In today's Wash Times, Tech Central Station grand conductor (and occasional Reason contributor) James K. Glassman looks through a crystal ball, darkly, and names some looming problems for the U.S. After noting that standards of living have gone up consistently over the past couple of hundred years, he throws out three possible trip wires: a "science gap" that may shift innovation off our shores, a stifling of what Keynes called the "animal spirits" that drive growth and change in an economy, and Social Security's worker-retiree ratio shift, which will almost certainly mean cutting benefits or raising taxes under the current plan.
What's frightening about these three dangers is that they may ultimately shock the stock and bond markets. For example, if investors believed the United States would have to borrow heavily and depreciate its currency in order to meet the needs of Baby Boomer retirees, then interest rates on 30-year bonds would today be sky-high; instead, they're just 4.8 percent.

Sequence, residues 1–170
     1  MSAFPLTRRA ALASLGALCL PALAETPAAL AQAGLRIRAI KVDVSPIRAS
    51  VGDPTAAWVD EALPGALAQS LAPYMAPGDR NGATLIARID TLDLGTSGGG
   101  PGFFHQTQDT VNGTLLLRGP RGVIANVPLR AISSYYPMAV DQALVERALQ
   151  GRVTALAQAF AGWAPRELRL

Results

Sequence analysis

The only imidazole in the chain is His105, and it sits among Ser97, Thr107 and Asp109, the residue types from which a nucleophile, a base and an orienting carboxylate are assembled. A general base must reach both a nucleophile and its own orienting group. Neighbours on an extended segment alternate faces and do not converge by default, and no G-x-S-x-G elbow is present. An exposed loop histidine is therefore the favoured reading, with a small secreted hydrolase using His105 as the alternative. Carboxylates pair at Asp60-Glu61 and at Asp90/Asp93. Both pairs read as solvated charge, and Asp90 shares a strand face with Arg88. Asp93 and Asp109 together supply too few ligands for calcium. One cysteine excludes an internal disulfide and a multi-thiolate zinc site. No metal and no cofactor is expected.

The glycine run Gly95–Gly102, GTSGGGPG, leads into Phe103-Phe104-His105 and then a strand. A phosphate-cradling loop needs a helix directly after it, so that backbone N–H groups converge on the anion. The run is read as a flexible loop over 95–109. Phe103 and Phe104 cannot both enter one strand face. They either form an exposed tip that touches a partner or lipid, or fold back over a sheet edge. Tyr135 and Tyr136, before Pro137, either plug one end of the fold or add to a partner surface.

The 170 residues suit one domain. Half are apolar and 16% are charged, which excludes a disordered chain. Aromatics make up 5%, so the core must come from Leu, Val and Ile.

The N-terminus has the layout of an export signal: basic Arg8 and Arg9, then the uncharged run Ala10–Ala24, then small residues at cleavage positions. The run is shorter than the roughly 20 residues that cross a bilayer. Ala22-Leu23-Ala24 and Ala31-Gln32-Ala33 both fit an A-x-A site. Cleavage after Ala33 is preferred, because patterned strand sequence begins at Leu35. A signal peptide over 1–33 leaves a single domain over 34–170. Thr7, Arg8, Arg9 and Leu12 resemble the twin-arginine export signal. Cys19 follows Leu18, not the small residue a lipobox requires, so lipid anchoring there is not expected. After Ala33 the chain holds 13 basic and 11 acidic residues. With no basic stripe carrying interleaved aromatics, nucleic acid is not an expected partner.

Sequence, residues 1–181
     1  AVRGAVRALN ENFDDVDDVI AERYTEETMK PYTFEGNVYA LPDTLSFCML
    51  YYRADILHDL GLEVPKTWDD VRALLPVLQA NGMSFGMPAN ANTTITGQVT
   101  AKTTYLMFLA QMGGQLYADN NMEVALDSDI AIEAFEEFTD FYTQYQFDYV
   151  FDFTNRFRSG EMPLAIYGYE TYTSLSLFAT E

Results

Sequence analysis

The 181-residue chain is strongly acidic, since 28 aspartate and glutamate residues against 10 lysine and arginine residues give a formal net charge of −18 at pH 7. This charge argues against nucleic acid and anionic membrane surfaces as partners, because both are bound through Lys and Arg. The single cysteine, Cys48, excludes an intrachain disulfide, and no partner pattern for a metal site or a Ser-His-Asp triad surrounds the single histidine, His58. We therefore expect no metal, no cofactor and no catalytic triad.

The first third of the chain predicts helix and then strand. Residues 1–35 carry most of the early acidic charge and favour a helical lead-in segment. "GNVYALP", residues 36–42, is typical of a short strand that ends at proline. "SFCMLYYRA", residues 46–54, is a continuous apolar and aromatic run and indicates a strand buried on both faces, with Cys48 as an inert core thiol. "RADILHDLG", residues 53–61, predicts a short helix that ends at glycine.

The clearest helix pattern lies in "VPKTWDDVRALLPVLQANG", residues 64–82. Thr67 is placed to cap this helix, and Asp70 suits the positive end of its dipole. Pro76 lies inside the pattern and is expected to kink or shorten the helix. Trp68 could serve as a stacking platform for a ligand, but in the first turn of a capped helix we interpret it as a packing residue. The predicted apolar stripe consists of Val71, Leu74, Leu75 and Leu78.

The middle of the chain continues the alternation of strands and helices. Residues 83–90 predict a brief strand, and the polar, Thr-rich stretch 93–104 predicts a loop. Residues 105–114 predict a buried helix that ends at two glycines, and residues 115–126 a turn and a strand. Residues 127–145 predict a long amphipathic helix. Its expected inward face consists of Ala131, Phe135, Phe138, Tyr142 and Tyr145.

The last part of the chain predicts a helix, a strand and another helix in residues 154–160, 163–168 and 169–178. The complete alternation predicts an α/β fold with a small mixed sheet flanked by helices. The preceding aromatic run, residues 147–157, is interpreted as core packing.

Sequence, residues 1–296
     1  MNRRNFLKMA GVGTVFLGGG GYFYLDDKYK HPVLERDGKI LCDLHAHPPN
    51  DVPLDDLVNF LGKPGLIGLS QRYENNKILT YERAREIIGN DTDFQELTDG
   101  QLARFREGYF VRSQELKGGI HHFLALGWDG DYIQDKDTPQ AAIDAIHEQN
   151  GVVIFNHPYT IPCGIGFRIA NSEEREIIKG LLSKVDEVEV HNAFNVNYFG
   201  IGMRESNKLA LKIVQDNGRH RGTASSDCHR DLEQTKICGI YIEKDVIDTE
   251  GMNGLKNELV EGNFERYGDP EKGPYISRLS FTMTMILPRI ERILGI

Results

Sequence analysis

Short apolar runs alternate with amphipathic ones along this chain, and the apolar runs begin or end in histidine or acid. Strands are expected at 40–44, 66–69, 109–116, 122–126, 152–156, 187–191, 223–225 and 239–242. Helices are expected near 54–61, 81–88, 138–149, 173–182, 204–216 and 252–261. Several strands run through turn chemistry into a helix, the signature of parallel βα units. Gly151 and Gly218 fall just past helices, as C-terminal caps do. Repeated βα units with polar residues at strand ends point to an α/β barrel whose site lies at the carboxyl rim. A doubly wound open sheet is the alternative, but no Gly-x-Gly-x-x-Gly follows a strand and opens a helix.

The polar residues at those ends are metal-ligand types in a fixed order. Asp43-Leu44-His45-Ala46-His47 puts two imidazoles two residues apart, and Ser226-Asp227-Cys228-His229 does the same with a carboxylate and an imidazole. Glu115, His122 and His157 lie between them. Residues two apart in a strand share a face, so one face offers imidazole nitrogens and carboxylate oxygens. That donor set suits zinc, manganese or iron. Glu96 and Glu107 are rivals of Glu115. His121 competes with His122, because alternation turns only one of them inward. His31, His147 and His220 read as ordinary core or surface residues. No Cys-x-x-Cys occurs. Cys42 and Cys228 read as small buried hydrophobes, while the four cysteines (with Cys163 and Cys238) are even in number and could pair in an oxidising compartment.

Markets seem to believe that the United States will come out fine in the end, and maybe they're right. Productive immigrants hold the key to solving all three problems, and at least one threat is being addressed with Mr. Bush's intention to replace part of Social Security with private accounts, so that Americans own more of their own retirement assets, rather than counting on younger workers who may never show up.
The other two dangers, however, are mainly cultural and social—the result of a decline in striving, a lack of striving, a softness that has afflicted every other great nation in history. Call it American decadence—our own version of what happened to the Roman Empire.
Whole thing here.